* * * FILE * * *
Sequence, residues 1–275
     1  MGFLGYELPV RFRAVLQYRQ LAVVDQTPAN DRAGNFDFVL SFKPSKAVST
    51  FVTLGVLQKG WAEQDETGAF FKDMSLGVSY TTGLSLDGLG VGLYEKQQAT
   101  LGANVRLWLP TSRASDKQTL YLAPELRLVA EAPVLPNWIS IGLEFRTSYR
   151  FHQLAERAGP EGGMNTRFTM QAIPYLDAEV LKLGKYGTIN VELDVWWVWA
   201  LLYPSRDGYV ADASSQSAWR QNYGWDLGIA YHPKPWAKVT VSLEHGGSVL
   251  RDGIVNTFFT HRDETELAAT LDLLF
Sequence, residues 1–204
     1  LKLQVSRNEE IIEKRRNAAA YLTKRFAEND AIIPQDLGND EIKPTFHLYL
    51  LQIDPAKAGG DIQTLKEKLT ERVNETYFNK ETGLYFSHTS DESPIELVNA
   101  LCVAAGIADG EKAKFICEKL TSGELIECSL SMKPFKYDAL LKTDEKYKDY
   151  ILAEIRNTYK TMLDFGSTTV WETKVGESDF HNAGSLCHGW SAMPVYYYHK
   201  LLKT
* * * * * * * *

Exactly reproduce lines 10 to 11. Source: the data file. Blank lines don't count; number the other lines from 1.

    51  LQIDPAKAGG DIQTLKEKLT ERVNETYFNK ETGLYFSHTS DESPIELVNA
   101  LCVAAGIADG EKAKFICEKL TSGELIECSL SMKPFKYDAL LKTDEKYKDY